Signs of intelligence

I met a woman yesterday while out on a walk with my dogs.  She stopped me to talk and admire the dogs; turned out that she too had a standard poodle at home so of course we chatted a bit.  Her dog was a little more than 10 years and so was considering adding another; she was very interested in Elsa and Luke's relationship.  During our conversation she asked about their intelligence and the difference between them.  All dogs are intelligent; that said some are more so than others, just like in people.  Who is the most intelligent?  Not an easy answer.

Having had standard poodles for 30 years; high intelligence is a given.  Each dog has been extremely different; they have all had very individual personalities and learning capabilities.  My boy Clyde who was the canine man in my life before Luke was probably my least driven.  He was intelligent but in his own way; he was what I categorize as a "porch dog."  He was mellow and wonderful but without much agenda.  Does that mean that his intelligence was lower on the smarts scale?  No.  Just different.

When they do intelligence tests with dogs it is often to see what a dog can figure out.   A dog with a chill type  personality may display no drive to figure out a test put before them; this shows no less intelligence.  Perhaps they are more intelligent by waiting until the humans figure it out.  Intelligence is such a huge topic, complicated by questions leading to more questions.  In my own dogs over the years I have seen such a variance in learning and display.  To be a good trainer you must adapt to each dog as an individual and not look at dog as just that; a dog like any other.

I have worked with tiny little mixed breeds who amazed me by their intelligence.  Some of the most intelligent dogs I have met have been breeds who are not the "obedience" type.  Intelligence and willingness to do repetitive work for humans are two completely different things.  Most of the higher intelligence dogs have a problem with repetition from my experience.  Once they have figured out and completed a desired behavior; repeating it over and over again seems monotonous and mundane.  That said there are amazing dogs who thrive with repetition; take the Border Collie, highly intelligent with drive that shoots off the charts.  It is the drive that keeps them in perpetual motion; continuing to repeat a job over and over again.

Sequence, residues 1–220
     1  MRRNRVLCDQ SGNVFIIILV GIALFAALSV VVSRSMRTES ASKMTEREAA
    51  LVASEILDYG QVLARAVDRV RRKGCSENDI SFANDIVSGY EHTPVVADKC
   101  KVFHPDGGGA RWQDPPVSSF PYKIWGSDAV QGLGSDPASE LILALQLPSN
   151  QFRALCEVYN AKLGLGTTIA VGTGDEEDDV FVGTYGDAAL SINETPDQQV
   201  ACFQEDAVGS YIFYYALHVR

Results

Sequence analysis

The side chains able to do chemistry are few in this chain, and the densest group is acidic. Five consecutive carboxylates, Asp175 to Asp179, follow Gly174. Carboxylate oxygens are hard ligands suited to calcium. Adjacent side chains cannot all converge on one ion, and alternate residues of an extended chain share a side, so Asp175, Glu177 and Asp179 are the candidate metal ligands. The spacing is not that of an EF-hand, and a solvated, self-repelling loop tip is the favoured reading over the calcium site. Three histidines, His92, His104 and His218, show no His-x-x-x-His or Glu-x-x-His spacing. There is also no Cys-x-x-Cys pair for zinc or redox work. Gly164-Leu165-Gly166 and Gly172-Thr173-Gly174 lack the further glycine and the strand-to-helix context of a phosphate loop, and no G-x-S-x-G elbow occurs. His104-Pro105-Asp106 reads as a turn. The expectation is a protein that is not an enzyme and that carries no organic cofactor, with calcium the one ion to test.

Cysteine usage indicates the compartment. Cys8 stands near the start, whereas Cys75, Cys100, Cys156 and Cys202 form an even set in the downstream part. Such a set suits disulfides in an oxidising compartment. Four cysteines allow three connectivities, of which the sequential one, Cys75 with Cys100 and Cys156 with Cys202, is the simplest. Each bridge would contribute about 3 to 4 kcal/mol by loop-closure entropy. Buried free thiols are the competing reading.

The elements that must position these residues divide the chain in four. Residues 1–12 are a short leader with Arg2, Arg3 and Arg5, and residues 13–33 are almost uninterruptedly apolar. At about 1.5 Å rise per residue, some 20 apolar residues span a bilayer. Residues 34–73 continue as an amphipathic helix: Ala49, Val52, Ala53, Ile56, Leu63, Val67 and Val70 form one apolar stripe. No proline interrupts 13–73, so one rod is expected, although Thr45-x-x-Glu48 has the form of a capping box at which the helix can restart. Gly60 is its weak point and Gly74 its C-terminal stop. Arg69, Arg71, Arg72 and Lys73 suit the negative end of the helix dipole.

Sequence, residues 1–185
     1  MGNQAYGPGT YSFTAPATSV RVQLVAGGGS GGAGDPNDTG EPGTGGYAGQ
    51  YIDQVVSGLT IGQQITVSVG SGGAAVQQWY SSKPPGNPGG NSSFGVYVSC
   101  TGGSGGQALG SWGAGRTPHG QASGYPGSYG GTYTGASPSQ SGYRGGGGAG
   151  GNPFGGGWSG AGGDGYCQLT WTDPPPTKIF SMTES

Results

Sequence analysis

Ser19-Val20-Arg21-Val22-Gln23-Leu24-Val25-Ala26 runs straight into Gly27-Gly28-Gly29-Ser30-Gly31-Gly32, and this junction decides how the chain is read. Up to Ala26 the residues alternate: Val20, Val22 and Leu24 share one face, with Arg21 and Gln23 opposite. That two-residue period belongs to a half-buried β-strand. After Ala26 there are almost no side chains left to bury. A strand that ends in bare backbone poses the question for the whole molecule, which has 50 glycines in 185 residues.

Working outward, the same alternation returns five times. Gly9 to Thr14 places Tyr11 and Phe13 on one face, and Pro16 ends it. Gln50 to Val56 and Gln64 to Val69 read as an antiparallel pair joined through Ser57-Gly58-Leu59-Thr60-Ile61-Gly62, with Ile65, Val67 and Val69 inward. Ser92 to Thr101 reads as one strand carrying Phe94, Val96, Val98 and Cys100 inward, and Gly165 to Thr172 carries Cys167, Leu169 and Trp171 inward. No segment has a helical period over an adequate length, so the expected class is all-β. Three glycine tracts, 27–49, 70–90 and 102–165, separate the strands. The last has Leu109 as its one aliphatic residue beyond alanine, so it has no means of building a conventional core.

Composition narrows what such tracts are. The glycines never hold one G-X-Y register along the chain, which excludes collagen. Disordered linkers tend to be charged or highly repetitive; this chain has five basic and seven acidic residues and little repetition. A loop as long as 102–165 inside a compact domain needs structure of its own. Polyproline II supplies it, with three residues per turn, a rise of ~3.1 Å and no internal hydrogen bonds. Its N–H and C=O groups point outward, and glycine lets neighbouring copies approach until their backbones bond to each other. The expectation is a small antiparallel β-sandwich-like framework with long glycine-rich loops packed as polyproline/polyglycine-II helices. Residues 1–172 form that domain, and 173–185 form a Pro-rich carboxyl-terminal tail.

To truly understand a dogs intelligence; one must watch and be most highly aware of a  dogs individual behavior.  We  lowly humans often miss many canine behaviors so the degree of their intelligence recognition is absent.   My two now, Luke and Elsa are both extremely intelligent; perhaps two of the smartest dogs I have lived with.  I know them inside and out and watch daily as their intelligence plays out.  Luke is a reactive dog and because of this is an easy read; if you know what you are seeing that is.  He has taught me the most of any dog I have ever worked with.  He has always been able to learn what I ask of him and more, but.  Recently we moved to a new home, it has a huge two story entrance where the dogs can look over a rail to the front door.  Luke has yet to put the visual range of looking over the rail together with the getting to the front door by going down a set of stairs only 8 feet away.